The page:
Health and Human Services
Other achievements include a dramatic reduction since September 2018 in children being removed from homes and placed into the foster care system, and a successful year for the only tribally-owned inpatient treatment center in Minnesota. “Over 170 Band Members have been helped by Four Winds,” said Benjamin.
Chief Executive Benjamin previewed numerous initiatives for the coming year, including:
Benjamin directed Commissioner of Natural Resources Bradley Harrington to develop a food sovereignty program for the Mille Lacs Band. “Gaining more control over our food system is an immediate need. Climate change is already disrupting and threatening agriculture in many states — these changes may be permanent. Restoring our Native food systems and Native food trade is an immediate and basic need for the continued survival of all Native people.”
Increased Home Ownership
Benjamin directed Commissioner Percy Benjamin to launch a rent-to-own program to help increase Band-member home ownership. “For eligible tenants, every dollar a Band member pays each month for their housing will go toward their down payment on purchasing that home.”
The chief executive also directed Commissioner Benjamin to give some housing a “zero tolerance” designation for Band members and families who wish to live a substance-free lifestyle.
The Band will also be providing 50 home loans for private home ownership for Band members, an offering that will greatly assist Band members living in the urban area.
Expansion of Ojibwe Language Education
Benjamin directed Commissioner of Education Rick St. Germaine to work with Assistant Commissioner of Administration Baabiitaw Boyd to further expand language programs for children in Districts II and III of the Mille Lacs Band reservation.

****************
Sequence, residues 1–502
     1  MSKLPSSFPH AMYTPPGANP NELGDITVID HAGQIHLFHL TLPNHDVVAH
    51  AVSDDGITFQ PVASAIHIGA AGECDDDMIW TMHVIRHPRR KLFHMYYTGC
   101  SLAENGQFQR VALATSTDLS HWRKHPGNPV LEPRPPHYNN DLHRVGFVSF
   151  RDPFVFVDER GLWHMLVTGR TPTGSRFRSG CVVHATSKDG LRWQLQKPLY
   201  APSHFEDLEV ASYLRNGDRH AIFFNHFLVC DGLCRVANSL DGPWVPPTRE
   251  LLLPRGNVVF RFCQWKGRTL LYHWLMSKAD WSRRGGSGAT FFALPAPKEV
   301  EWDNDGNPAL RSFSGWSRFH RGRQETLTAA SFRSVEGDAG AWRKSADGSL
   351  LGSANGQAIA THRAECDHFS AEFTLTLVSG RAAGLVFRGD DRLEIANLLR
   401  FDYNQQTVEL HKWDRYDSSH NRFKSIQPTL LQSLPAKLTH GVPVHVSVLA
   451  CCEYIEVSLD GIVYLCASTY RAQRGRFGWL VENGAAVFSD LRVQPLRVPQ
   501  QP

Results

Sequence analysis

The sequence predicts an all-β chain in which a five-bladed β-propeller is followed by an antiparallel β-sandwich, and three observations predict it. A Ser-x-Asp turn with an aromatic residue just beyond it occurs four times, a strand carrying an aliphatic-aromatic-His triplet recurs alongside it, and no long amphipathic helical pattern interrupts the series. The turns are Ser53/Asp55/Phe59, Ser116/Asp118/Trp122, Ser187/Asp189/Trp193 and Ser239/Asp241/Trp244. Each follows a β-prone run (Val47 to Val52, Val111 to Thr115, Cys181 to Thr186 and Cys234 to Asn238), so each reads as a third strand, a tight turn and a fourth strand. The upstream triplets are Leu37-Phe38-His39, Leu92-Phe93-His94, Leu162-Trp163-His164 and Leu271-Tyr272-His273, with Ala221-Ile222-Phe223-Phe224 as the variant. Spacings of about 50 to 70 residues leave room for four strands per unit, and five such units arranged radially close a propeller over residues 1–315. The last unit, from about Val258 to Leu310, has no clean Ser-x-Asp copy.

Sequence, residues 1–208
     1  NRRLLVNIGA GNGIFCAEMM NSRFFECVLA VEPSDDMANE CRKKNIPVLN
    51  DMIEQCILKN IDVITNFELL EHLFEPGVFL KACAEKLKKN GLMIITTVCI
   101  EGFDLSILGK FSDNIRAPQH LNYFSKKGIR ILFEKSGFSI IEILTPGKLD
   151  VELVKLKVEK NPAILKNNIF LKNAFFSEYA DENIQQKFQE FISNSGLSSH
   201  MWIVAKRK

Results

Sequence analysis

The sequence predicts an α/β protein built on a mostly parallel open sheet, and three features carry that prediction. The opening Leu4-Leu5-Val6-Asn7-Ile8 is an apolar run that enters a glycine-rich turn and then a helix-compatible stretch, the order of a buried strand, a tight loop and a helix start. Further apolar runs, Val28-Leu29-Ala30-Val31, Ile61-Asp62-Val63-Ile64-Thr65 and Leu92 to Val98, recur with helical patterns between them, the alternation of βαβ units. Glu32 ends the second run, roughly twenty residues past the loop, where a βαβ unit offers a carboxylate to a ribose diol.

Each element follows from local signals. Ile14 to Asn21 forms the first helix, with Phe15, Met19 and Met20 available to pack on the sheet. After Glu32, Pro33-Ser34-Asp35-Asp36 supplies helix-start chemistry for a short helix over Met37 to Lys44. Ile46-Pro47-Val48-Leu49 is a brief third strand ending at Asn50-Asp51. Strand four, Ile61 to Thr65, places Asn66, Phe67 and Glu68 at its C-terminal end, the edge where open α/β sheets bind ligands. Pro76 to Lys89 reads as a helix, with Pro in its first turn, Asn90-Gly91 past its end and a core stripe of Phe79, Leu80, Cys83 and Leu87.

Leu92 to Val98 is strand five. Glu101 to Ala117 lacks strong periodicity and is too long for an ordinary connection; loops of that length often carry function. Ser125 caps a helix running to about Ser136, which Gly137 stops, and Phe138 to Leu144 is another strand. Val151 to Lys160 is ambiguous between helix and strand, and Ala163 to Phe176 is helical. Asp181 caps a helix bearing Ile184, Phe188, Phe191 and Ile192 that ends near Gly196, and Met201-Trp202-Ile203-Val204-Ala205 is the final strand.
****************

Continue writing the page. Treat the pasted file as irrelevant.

Preserving Families, Protecting Children
Benjamin directed all commissioners to work together to make it a top priority to protect Band children while reducing out-of-home placements. “We need one program that will collaborate across all areas to keep our children safe, and to help them heal and be healthy,” Benjamin said. “Family Services needs to be moved to new space, where families working on reunification can spend time together in a supportive, safe environment. I further direct you to involve Band member input in overhauling the program.”
Healing Children through Cultural Immersion
The Education Department recently completed a plan to help children and youth who carry around PTSD, or trauma, from their past experiences, using a therapy model that focuses on problem-solving in a supportive environment to help children begin to recover. A Winter Camp pilot project was held last year at the Immersion Grounds.
Benjamin directed Commissioner St. Germaine to work with other commissioners to formally launch this program for 2019.
Benjamin directed Assistant Commissioner Boyd to create an employee development plan that is customized for each worker. These plans will include professional development goals that improve skills and reflect the employee’s own goals. “By investing in the future of each employee, we will have happier and healthier employees.”
Benjamin directed Administration to work with Education and DOL to develop early childhood programs in the outer districts this year, to provide childcare opportunities to working families.